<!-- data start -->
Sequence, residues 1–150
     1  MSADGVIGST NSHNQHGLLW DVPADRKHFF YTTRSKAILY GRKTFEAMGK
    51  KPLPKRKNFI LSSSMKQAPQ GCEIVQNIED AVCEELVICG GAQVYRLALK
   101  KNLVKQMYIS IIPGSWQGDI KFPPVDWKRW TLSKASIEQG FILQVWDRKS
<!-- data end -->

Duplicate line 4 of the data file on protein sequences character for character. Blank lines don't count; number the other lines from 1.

   101  KNLVKQMYIS IIPGSWQGDI KFPPVDWKRW TLSKASIEQG FILQVWDRKS